Opposition divided over voting or boycotting the “election”

The opposition is divided between the desire to vote or boycott the uncontested “election” today.  The opposition party coalition the Joint Meeting Party (JMP) has also been divided over the election.  Officially they have called on their members to vote, but  some members decided to boycott the election. Religious scholars, tribesmen, independent youth activists, and members of civil society are also divided on the election.
While the majority of people recognize the obvious flaws in the uncontested election many, especially in the capital Sana’a, have decided to nevertheless vote.  Their reasons to vote vary and include the following:

  •  Individuals who believe that the election marks a historic day as it will officially announce the end of Saleh’s 33 year rule.
  • Individuals who voted not necessarily for Hadi, but more for the belief in the transitional period.  Their vote was a symbol of hope for a new Yemen.
  • Others are voting to give legitimacy to the new president Hadi, hoping his votes will exceed four million, which was the number of votes Saleh received in the last presidential elections in 2006.
  • Some citizens were mislead to believe if Hadi does not get enough votes, Saleh will literarlly return to rule, i.e he will become the Preisdent again. (based on the GCC implementing mechanism, this is impossible as Saleh has already signed that Hadi is the next president).
  • Other citizens are voting because of a belief that their vote would not necessarily solve future problems, but at least prevent violent clashes that may turn to a war.

Not everyone agrees with the above ideas, and hence national protests against the “election” took place on  Monday February 20, one day before the elections.  Songs calling to boycott the elections and posters against the “appointment” were distributed.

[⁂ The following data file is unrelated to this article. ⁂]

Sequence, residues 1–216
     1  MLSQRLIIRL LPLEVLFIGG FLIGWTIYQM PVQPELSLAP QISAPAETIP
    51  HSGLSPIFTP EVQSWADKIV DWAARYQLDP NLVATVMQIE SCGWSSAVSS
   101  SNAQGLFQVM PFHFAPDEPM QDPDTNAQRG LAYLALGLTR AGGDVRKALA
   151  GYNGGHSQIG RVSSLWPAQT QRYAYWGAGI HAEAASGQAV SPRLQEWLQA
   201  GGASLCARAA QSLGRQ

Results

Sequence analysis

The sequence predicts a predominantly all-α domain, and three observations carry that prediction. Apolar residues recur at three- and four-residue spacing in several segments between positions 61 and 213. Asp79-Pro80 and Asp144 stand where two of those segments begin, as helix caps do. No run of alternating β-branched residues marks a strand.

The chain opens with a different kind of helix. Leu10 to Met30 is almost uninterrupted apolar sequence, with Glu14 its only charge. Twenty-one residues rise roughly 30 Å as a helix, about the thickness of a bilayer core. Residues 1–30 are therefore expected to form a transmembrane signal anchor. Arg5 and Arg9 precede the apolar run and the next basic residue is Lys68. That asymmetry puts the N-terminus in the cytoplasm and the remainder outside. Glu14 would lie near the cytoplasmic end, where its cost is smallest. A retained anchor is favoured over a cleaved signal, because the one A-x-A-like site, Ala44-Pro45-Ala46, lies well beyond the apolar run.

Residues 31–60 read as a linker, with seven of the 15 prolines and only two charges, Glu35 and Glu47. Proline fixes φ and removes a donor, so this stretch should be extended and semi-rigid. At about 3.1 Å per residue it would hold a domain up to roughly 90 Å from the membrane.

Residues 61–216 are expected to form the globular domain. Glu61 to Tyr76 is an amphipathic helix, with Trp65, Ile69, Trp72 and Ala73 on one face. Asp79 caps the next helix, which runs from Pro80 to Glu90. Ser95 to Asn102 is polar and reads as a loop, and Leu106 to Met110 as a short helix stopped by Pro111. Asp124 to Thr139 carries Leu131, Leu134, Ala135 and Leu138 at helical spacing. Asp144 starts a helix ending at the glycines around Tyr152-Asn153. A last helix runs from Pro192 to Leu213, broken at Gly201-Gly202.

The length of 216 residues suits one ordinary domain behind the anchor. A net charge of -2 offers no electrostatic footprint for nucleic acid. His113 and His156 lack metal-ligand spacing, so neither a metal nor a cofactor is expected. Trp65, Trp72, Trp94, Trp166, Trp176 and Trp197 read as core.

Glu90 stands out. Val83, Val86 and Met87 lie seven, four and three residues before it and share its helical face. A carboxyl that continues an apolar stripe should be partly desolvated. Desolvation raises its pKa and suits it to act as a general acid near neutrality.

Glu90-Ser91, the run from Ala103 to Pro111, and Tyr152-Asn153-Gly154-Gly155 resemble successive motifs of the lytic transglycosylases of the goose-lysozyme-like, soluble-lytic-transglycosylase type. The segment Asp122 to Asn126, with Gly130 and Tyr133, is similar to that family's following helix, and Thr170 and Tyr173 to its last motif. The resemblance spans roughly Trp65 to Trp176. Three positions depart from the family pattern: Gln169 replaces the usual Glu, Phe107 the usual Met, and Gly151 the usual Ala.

Those who advocate a boycott of the “election” consist of three main categories of people: independent youth members who outright oppose any political process including negotiations with the ruling party.  Hence they reject the GCC implementing mechanism in its entirety including the transitional government and the “election.”

The two most powerful resistance entities the Houthis and the Southern Secessionists have outright rejected the elections.  The Southern secessionists see the elections as a vote for maintaining Northern/Southern unity which many are against. The Houthis have rejected the elections as an extension of their rejection for the GCC.

Finally, independent youth groups who believe in a political process and agree that a transition period is necessary.  In fact they may agree that Hadi should lead, but will nevertheless boycott the election.
The reasons for the boycott vary from person to person, but include mainly the following:

  • Individuals who believe the street is what delegitimized the previous government and it is the street that will provide the legitimacy not the ballot box.
  • While the election represents the end of Saleh’s 33 presidency, it does not represent the end of the regime.  Changing personalities in a structure that remains the same will mean that no change will happen.